Howard, Maureen 1930–
Howard, an American novelist and autobiographer, uses polished and precise language to write of ordinary domestic life. Her autobiography, Facts of Life, explores many of the same themes that her earlier Bridgeport Bus had explored fictively. (See also CLC, Vol. 5, and Contemporary Authors, Vols. 53-56.)
The improbable heroine of [Bridgeport Bus] is a flat-chested, hawk-nosed, five-foot-eleven-inch, 35-year-old virgin from Bridgeport, Conn. Not surprisingly, she departs both from Bridgeport and virginity, but she is less interesting rather than more for having done so….
Pregnancy and death are not so terrible as dullness—in novels, anyway—and Mary Ag gets dull. The careful, tight writing gets loose, diffuse, and self-indulgent. Mary Ag keeps a journal, writes a play, records the irrelevant story of a wayward, show-girl cousin, as if she were filibustering and reading cookbooks into The Congressional Record. It is almost enough to make one forget the initial pleasure of meeting a finely...
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Maureen Howard's Before My Time is not as good as it should be, and not as good as admirers of Bridgeport Bus had reason to hope, but it is in many places a very impressive work nonetheless. (p. 618)
When Howard is dealing with the Cogans of Bruckner Boulevard—mother Millie in a flashback as a stenographer, daughter, and lover, "failed" father Jack in a marvelous friendship with a retired Jewish millionaire, Siobhan and Cormac trying to settle in to an unoccupied highrise apartment—she is at her best, and that best is very good. But the major focus of the book is really on Millie's Boston cousin, Laura Quinn, discovering she is still before her time. Howard locates Laura's resentful...
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My first impression of Facts of Life was of sheer novelistic skill, of so many stories, moods and time-shifts turning up in every chapter that it looked as if the author was stuck with a lot of effects that she couldn't unload in a novel. But it turned out to be a ruthlessly personal story told, like all good self-histories, to deliver the author from evil, to liberate her from some pressing burdens.
The fact that Maureen Howard doesn't seem much happier at the end of her brilliantly told story than she does at the beginning doesn't diminish her achievement. She is a dogged snipper of the human heart who, despite life with other breeds, retains a narrowly focused Catholic suspicion of...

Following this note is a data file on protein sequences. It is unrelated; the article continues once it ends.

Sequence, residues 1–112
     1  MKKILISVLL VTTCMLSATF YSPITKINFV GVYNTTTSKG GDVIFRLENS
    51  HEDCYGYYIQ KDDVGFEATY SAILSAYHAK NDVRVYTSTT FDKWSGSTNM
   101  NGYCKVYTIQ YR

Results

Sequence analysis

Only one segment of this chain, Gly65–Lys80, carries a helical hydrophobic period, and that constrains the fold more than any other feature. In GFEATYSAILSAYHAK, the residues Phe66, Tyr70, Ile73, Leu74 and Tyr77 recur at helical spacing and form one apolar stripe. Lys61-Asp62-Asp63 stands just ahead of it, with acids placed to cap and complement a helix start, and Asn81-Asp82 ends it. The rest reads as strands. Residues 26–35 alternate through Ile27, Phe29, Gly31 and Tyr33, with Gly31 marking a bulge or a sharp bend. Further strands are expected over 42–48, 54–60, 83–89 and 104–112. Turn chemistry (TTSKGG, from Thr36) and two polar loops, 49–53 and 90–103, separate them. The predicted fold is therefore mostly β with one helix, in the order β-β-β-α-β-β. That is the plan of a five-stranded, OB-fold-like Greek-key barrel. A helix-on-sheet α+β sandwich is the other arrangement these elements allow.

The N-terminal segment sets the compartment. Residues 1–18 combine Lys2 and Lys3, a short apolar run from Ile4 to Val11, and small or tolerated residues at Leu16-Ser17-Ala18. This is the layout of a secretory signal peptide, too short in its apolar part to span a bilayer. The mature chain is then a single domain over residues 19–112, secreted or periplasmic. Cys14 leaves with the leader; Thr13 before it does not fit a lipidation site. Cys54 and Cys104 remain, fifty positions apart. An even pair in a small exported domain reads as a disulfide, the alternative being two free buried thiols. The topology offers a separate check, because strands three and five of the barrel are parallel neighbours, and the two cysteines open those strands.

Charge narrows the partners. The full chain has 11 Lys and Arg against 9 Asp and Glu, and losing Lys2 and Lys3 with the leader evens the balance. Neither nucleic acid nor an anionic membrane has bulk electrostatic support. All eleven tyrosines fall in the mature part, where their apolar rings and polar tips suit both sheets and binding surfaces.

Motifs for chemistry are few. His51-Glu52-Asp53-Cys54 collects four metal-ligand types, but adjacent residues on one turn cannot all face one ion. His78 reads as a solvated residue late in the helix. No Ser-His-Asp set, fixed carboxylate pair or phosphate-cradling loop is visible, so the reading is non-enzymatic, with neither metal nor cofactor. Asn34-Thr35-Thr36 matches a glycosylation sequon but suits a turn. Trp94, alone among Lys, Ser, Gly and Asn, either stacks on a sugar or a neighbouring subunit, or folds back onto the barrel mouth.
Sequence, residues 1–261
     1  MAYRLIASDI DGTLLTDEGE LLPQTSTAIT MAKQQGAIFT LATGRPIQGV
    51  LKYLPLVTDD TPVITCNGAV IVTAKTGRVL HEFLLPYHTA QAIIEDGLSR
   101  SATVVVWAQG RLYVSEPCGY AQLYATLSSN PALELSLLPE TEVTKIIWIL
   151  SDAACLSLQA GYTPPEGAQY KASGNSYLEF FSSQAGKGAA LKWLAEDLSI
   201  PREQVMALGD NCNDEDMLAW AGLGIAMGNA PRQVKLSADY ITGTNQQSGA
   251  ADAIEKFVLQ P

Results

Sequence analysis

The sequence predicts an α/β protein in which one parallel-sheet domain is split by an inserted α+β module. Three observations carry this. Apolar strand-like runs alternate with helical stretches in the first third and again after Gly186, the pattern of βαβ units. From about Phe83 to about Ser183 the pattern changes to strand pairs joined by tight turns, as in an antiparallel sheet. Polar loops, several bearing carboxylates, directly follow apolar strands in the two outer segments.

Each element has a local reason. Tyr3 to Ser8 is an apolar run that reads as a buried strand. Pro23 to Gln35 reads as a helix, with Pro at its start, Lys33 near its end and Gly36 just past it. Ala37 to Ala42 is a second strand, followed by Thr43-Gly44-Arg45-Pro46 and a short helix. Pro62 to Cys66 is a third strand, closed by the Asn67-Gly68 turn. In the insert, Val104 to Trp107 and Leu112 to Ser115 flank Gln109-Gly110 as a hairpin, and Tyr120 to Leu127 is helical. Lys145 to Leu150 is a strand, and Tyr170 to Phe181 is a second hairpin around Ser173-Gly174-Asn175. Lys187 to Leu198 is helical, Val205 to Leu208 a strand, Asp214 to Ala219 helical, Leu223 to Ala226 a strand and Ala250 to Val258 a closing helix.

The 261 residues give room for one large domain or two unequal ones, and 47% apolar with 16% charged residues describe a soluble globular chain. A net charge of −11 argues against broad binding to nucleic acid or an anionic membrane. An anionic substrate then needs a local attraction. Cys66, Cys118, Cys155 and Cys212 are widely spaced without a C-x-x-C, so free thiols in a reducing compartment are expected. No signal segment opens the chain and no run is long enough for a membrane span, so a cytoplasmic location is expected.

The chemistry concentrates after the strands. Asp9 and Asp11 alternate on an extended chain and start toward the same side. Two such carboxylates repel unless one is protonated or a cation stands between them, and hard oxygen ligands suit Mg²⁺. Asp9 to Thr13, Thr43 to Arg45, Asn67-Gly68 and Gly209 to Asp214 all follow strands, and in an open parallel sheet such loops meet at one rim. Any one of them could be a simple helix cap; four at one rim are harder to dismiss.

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I can understand why a friend of mine groaned when I told him that Maureen Howard's reminiscences [in Facts of Life] centered on her childhood in Bridgeport, Connecticut: Life in that grim and prosaic city is a pretty daunting subject. But as readers of her novels know, Howard cannot be grim or prosaic for two seconds. (p. 43)
The facts of life, as Howard sees them, are three—culture, money, and sex—and how her parents shaped her adult attitudes in these matters is the central concern of these witty and vivid memoirs. But others also had their say, and Facts of Life is packed with sharply drawn sketches….
If Facts of Life has a flaw it is that it is not a...
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Maureen Howard's "autobiography" is the work of a fine novelist…. She disclaims the title "memoir," and certainly this book has nothing in common with those memoirs that are part name-dropping and part narcissism. Facts of Life is a writer's notebook, a rich source of portraits any one of which might turn into a novel. Maureen Howard observes that "hindsight is common and bland as boiled potatoes," and perhaps it is only the true novelists who can cut through the barrier of "memoir" as she does. (p. 92)
Frances Taliaferro, "Books in Brief: 'Facts of Life'," in Harper's (copyright © 1978 by Harper's Magazine; all rights reserved; reprinted from the...
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